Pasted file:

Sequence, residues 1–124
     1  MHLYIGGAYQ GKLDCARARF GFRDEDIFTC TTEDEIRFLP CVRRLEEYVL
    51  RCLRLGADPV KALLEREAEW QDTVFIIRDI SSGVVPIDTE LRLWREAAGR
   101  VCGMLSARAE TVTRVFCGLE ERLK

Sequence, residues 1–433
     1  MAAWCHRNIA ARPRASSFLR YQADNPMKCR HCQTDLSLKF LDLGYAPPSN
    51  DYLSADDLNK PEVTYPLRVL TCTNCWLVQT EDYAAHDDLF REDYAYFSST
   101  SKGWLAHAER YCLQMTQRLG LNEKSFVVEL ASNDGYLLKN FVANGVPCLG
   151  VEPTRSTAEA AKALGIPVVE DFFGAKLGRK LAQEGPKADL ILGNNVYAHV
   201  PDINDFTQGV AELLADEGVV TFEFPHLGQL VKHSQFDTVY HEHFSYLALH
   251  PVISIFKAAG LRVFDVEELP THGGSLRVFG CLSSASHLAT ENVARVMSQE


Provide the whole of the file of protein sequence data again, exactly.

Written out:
Sequence, residues 1–124
     1  MHLYIGGAYQ GKLDCARARF GFRDEDIFTC TTEDEIRFLP CVRRLEEYVL
    51  RCLRLGADPV KALLEREAEW QDTVFIIRDI SSGVVPIDTE LRLWREAAGR
   101  VCGMLSARAE TVTRVFCGLE ERLK

Sequence, residues 1–433
     1  MAAWCHRNIA ARPRASSFLR YQADNPMKCR HCQTDLSLKF LDLGYAPPSN
    51  DYLSADDLNK PEVTYPLRVL TCTNCWLVQT EDYAAHDDLF REDYAYFSST
   101  SKGWLAHAER YCLQMTQRLG LNEKSFVVEL ASNDGYLLKN FVANGVPCLG
   151  VEPTRSTAEA AKALGIPVVE DFFGAKLGRK LAQEGPKADL ILGNNVYAHV
   201  PDINDFTQGV AELLADEGVV TFEFPHLGQL VKHSQFDTVY HEHFSYLALH
   251  PVISIFKAAG LRVFDVEELP THGGSLRVFG CLSSASHLAT ENVARVMSQE